What Are Mediastinal Masses?

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  • Written By: T. Broderick
  • Edited By: Heather Bailey
  • Last Modified Date: 23 September 2016
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Mediastinal masses are tumors that develop at the front of the thorax, the part of the human body ranging from the diaphragm to the neck. The tumors that can grow in this area are associated with a handful of cancers. Tumors discovered in the mediastinal compartment are more likely to be malignant than those found in other areas of the thorax. Diagnosis generally requires a variety of tests. Treatment depends on which cancer is the root cause.

The anterior mediastinal compartment is the area between the front of the ribcage and the heart. In this compartment, mediastinal masses caused by one of three types of cancer can develop. The first is sarcoma. Sarcoma develops when a tissue undergoes a malignant transformation into a tumor. There are many types of sarcomas depending on which tissue gives rise to the tumor.

The second type of mediastinal masses that can grow in the mediastinal compartment is a thymoma. The condition presents as chest pain and cough due to the growing tumor applying pressure to the sternum and lungs. Thymomas in their early stages are not malignant, though in rare cases can become life-threatening if the tumor compresses the veins entering the heart.


A number of cancers give rise to lymphomas, the final type of mediastinal masses. Lymphomas begin in the body's lymph nodes. The cancer metastasizes to the mediastinal compartment. Besides the symptoms described in the previous paragraph, a patient with a lymphoma experiences weight loss, fever and fatigue. By the time most cases are diagnosed, the cancer has already metastasized to a secondary location outside of the thorax.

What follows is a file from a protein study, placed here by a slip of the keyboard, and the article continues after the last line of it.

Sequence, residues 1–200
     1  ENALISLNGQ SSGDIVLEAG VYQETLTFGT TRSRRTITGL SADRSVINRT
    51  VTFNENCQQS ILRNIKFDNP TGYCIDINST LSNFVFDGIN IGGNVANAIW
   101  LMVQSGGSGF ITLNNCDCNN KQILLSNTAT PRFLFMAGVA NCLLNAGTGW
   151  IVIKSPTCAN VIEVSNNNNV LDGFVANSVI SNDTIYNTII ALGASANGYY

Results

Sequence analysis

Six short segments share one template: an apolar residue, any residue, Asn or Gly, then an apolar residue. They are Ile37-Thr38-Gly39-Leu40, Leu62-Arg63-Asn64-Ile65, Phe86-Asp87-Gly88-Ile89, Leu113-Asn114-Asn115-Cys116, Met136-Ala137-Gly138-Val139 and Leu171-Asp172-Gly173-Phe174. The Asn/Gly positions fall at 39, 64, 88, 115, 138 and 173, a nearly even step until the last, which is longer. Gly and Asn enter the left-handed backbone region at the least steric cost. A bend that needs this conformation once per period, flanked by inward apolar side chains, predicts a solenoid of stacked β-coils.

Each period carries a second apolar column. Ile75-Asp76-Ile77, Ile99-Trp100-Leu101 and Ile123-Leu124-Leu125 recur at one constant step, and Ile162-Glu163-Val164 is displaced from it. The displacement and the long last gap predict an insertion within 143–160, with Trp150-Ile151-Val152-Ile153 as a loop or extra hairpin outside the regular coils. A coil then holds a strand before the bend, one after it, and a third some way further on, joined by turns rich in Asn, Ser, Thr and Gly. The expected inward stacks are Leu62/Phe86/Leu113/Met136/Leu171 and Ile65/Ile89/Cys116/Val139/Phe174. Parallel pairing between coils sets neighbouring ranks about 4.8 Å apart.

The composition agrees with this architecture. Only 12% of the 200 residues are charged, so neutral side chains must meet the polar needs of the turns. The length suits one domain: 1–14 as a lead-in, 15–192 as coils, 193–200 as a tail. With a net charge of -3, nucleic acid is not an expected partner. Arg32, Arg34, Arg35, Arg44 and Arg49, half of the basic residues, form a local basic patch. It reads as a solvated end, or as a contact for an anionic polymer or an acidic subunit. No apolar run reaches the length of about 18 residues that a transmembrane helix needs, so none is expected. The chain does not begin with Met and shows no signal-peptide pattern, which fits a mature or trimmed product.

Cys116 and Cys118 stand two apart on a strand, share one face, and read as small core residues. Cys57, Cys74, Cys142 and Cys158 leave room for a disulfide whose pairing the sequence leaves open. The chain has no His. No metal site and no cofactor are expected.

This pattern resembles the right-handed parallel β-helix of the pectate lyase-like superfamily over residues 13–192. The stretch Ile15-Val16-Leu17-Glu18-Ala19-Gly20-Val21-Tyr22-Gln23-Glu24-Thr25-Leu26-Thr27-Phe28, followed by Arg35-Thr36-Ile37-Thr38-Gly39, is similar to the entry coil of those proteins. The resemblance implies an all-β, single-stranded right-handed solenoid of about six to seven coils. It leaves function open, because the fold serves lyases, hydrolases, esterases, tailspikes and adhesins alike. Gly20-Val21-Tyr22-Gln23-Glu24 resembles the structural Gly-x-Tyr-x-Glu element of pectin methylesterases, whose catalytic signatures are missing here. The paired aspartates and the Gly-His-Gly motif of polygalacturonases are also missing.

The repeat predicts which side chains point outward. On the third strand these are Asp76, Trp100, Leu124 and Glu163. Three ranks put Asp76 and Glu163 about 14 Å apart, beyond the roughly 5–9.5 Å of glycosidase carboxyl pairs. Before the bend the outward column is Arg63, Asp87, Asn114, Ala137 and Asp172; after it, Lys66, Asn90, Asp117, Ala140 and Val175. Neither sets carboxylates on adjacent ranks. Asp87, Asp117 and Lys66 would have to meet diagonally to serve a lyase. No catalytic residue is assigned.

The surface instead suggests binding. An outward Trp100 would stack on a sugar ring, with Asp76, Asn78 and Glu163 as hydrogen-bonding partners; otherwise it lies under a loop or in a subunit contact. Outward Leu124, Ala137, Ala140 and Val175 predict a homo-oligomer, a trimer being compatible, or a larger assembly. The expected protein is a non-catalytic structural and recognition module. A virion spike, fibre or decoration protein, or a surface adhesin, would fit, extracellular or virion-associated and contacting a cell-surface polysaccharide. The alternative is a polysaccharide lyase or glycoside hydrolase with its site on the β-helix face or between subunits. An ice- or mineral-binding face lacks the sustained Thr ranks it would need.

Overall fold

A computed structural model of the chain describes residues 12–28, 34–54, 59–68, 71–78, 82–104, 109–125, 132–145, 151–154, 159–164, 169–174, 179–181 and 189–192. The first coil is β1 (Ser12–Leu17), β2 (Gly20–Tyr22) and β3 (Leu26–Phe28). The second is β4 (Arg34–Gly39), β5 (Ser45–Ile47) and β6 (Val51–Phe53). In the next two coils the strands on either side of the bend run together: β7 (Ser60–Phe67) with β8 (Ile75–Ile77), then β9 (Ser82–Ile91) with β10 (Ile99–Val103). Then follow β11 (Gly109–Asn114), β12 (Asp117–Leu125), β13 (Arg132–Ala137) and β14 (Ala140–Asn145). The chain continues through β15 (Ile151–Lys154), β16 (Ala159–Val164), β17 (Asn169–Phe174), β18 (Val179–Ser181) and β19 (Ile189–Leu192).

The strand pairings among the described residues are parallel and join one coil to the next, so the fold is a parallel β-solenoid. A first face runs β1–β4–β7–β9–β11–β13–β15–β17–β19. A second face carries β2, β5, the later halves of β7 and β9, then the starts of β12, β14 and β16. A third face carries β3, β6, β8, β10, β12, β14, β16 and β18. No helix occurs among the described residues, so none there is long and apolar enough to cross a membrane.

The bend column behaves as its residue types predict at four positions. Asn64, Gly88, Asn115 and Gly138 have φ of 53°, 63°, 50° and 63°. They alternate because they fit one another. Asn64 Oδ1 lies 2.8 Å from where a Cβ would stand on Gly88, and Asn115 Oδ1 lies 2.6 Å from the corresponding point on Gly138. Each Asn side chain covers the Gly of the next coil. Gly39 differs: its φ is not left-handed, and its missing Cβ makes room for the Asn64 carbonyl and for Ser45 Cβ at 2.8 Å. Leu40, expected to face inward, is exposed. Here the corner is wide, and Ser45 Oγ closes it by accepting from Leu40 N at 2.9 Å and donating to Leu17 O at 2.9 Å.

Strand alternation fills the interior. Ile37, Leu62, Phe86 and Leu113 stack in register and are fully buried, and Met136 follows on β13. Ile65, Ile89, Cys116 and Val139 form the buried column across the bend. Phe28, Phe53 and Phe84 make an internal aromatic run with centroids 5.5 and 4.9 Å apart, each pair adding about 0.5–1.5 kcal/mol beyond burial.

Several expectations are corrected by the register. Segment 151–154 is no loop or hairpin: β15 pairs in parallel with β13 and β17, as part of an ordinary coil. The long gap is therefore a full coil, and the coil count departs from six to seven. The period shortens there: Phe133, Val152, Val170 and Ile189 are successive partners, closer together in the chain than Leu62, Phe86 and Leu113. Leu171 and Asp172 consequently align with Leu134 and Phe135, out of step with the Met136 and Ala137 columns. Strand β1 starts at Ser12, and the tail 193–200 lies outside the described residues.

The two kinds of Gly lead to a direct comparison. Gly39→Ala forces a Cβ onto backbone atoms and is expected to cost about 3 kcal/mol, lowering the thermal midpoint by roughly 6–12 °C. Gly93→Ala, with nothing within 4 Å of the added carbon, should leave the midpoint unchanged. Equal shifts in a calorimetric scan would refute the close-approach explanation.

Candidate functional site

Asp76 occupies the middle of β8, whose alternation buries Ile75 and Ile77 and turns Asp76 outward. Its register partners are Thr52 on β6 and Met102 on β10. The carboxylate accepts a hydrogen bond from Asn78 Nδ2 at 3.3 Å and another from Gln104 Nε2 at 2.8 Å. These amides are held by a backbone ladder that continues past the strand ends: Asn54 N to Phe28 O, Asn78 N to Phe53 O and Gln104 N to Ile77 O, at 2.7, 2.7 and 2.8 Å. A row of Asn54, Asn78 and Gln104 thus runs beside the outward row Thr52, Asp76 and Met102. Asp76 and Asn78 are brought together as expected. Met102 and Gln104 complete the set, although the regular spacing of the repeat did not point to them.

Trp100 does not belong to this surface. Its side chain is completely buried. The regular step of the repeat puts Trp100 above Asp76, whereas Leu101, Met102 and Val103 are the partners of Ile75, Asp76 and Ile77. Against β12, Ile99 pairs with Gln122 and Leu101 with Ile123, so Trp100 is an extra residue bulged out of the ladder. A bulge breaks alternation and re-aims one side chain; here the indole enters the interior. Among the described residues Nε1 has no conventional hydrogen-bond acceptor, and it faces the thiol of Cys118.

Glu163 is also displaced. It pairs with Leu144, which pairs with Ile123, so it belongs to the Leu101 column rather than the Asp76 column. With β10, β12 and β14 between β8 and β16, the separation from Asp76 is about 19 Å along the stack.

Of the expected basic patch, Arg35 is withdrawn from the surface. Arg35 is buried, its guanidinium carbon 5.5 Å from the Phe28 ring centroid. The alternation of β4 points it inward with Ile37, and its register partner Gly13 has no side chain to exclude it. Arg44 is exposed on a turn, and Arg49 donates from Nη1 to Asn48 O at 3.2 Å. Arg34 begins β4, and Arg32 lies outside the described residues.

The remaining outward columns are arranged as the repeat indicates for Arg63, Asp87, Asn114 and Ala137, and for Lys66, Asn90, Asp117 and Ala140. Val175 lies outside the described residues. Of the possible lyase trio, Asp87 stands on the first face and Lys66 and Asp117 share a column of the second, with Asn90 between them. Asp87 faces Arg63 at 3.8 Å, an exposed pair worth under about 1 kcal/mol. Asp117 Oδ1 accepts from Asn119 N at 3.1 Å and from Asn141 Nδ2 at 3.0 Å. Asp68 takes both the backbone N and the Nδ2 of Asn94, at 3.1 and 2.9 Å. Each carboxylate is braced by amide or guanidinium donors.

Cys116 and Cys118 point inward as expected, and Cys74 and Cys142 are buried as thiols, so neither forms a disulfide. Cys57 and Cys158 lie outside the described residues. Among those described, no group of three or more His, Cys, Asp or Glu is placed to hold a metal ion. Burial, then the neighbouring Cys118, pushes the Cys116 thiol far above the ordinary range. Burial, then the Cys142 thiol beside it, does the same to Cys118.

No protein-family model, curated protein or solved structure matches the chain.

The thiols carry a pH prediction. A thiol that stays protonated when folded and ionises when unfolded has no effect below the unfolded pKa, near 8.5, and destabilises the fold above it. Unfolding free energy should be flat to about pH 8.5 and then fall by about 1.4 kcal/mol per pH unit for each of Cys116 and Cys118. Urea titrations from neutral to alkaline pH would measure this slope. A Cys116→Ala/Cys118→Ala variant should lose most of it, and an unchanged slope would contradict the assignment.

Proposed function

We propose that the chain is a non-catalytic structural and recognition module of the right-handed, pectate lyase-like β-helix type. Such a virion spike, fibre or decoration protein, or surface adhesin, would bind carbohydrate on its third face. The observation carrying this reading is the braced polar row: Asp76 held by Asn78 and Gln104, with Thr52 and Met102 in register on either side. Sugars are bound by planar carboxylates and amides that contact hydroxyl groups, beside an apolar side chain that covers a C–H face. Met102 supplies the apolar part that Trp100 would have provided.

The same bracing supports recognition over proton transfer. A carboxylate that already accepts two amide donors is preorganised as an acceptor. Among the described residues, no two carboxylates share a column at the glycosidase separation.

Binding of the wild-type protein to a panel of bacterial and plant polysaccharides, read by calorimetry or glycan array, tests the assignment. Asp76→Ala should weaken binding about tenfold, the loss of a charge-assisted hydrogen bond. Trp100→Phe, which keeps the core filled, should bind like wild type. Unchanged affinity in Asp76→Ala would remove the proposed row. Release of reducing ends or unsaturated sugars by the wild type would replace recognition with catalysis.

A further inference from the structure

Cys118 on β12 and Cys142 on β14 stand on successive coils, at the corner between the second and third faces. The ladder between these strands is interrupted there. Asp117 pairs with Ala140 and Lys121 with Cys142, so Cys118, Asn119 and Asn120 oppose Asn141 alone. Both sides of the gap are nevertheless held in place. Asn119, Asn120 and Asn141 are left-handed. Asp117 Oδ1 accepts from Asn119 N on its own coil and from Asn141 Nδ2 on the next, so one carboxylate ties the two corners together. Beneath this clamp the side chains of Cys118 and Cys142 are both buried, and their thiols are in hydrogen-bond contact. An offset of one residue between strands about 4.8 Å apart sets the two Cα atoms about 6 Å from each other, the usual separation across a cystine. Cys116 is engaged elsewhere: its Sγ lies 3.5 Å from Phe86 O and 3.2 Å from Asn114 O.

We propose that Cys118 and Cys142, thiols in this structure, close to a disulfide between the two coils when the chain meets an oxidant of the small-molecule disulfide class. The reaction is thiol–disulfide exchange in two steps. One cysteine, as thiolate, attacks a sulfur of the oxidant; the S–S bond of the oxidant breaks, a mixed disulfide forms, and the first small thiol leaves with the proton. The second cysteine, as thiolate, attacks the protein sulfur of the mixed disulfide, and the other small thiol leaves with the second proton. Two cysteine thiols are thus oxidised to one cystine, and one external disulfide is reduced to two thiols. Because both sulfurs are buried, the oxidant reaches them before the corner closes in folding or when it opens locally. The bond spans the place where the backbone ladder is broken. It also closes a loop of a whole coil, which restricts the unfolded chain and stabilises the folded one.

Diagnosing mediastinal masses may require a number of tests: physical exam, chest x-rays, blood work and a biopsy. The last is a sample of tissue taken from the mass through a minimally invasive surgical procedure. Through examining the sample, a physician can diagnose the specific form of cancer. X-rays and blood work determine the cancer's stage. With this information, a physician can plot a course of treatment.

Depending on the type of tumor, a combination treatment including surgery, radiation and chemotherapy may be necessary to remove the tumor and kill any remaining cancerous cells. As thymomas are rarely malignant, surgically removing the tumor is usually the only treatment required. Surgery is rarely used to treat lymphomas. Patients must rely upon chemotherapy and radiation. For some patients, a bone marrow transplant is the best mode of treatment.


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